Abstract

1. Introduction

The average rainfall over the 58 000 sq miles (150 000 km2) of England and Wales is 35-6 in (889 mm). About half is evaporated or transpired by vegetation and the remainder, representing some 41000m.g.d. (186 × 106m3/d) infiltrates the ground or becomes surface run-off. Under the terms of the Water Resources Act, 1963, the River Authorities have granted licences allowing an average abstraction of 24 000 million gallons of water each day (109 × 106m3/d). The principal demands for this water are indicated in Table 1.

The total includes 15 000 m.g.d. (68 × 106m3/d) required for cooling purposes, mainly by the Central Electricity Generating Board. This does not represent a measure of consumptive use; this total also includes some brackish water. If water for cooling is excluded, licences for ground water represent about 25 per cent of the total.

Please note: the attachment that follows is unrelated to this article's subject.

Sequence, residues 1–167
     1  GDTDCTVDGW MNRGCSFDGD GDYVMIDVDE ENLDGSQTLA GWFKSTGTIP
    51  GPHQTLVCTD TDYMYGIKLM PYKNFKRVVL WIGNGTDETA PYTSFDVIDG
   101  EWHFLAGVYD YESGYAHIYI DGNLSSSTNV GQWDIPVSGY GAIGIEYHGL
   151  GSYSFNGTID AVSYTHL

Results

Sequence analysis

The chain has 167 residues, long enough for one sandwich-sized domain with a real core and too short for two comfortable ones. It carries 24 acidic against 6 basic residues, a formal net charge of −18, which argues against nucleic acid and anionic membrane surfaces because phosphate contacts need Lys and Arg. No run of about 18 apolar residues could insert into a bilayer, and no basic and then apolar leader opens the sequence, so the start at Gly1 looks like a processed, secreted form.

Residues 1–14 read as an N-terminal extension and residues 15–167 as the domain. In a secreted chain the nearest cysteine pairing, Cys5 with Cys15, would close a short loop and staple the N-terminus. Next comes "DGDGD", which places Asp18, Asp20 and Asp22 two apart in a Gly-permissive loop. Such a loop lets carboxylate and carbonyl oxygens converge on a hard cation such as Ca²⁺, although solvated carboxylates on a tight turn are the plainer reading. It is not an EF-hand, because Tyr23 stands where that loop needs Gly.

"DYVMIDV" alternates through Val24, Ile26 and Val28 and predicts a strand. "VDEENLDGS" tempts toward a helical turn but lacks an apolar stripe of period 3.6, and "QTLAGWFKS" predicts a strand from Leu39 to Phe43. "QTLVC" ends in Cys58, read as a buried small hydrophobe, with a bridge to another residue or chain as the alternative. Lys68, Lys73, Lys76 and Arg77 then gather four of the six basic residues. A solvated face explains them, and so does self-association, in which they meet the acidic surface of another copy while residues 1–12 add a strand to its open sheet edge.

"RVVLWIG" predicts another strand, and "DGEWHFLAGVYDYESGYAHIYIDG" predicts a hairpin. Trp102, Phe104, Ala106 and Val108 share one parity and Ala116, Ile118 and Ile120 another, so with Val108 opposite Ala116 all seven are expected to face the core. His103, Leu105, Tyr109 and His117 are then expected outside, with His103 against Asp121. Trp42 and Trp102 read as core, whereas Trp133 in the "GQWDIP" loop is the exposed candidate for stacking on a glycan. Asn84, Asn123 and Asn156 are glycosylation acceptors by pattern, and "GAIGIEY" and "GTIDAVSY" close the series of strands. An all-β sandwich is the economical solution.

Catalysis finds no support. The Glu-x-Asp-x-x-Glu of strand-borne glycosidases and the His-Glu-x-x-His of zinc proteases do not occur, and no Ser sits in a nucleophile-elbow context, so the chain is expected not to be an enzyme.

In south-east England (as defined in Anon 1966) the total licensed abstraction of 5500 m.g.d. (25 × 106m3/d) includes 3200 m.g.d. (14−5 × 106m3/d) used for cooling purposes of which 2600 m.g.d. (11−8 × 106m3/d) is brackish water from tidal stretches of rivers. Some 2900 m.g.d. (13−2 × 106m3/d) of the total is from inland waters representing about 44 per cent of the residual rainfall. If saline water for cooling purposes is excluded the quantities licensed from surface and ground water sources are 1500 and 1400 m.g.d. (6−8 × 106 and 6−4 × 106m3/d) respectively. The figures quoted above represent gross use; net use which takes into

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